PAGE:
Improving Patient-Physician Communication about Internet Use: Why ďDonít Ask, Donít TellĒ Doesnít Work
Too little attention is paid to improving how patients locate and use health Web sites and communicate about their Web site use with their physicians. The very people who can best help patients, their medical providers, become disconnected from these so-called empowered healthcare consumers, who use the Internet instead of, before, or after consultations with their physicians without it being discussed or integrated into their care.
Poor health outcomes and an erosion of trust can occur when patients have unexpressed concerns arising from the Web sites they have accessed, donít believe their physician when a diagnosis or treatment plan differs from what they obtained from the Internet, use their doctor for a second opinion without disclosing that they obtained their first online, make poor decisions without or disregarding medical input, or scour the Internet for miracle cures.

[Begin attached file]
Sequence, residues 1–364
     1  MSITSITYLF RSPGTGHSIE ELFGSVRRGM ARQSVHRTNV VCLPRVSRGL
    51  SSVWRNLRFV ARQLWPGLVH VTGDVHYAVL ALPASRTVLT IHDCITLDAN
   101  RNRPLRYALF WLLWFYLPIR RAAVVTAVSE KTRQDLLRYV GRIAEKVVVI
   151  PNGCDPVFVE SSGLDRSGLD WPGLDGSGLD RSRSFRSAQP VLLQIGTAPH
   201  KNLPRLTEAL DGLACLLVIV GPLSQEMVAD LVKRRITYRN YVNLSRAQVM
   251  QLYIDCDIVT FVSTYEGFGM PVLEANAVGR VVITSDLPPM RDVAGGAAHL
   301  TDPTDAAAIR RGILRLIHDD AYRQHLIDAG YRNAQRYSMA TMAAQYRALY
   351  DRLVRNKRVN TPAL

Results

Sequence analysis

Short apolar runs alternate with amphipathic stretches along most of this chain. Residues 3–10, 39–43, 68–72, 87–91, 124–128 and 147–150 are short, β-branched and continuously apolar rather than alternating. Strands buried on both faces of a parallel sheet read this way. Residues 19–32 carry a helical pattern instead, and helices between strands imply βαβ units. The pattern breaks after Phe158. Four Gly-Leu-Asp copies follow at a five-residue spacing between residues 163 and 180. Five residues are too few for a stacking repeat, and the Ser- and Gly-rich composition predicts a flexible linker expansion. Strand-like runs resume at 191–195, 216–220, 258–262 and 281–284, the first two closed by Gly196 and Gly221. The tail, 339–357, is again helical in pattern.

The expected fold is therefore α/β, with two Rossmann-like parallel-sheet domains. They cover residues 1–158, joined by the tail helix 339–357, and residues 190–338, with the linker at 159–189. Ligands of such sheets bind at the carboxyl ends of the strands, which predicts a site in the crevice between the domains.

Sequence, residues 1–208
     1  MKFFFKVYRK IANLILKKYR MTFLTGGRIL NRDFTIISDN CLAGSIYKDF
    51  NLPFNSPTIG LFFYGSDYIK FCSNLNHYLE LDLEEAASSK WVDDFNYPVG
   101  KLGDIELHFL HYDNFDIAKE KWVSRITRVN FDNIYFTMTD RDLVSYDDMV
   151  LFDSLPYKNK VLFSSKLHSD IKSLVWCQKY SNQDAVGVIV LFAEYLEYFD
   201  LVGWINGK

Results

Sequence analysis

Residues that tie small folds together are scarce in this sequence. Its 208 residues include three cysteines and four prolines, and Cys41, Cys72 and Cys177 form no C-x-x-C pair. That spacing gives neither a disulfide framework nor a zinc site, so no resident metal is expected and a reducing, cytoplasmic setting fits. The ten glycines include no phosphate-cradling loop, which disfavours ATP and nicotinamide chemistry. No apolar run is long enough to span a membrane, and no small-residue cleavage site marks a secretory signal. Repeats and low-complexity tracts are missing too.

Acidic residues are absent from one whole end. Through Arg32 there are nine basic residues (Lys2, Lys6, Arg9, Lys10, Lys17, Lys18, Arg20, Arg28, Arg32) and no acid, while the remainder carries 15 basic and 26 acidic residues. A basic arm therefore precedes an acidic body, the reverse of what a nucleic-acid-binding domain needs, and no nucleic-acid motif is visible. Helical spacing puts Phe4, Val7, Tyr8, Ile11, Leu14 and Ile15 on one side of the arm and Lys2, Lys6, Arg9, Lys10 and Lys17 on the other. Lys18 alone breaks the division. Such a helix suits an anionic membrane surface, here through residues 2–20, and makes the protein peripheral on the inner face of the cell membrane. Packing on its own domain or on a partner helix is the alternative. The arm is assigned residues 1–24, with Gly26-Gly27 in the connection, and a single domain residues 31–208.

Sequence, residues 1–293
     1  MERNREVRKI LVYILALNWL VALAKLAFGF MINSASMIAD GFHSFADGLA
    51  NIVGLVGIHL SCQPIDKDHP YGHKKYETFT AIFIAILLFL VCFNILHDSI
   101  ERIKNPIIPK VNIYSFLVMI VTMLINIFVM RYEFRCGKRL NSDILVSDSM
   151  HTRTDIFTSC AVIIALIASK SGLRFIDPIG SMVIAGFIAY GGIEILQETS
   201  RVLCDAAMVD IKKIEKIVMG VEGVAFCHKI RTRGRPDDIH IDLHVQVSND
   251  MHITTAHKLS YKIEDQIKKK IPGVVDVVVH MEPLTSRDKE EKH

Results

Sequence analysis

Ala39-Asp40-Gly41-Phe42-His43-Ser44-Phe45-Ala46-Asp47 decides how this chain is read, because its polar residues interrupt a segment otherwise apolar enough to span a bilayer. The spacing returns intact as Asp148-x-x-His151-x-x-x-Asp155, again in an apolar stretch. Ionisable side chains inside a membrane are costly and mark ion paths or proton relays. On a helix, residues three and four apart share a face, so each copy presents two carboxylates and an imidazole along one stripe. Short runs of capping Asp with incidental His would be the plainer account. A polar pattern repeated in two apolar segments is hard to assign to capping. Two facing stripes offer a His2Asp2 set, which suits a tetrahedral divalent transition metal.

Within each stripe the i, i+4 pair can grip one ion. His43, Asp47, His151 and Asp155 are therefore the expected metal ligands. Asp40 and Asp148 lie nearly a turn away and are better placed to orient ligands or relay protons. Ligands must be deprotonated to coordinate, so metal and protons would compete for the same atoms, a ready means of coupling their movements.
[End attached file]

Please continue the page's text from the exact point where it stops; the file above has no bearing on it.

Better patient-physician communication about Internet use and better health Web sites are needed to help patients become truly empowered healthcare consumers.
Bio: Lisa Neal Gualtieri is Adjunct Clinical Professor in the Health Communication Program in the Department of Public Health and Community Medicine at Tufts University School of Medicine, where she teaches Online Consumer Health and Web Strategies for Health Communication, http://webstrategiesforhealth.com/. Lisa holds a PhD in Computer Science from Harvard University. Her Web site is at http://lisagualtieri.com/.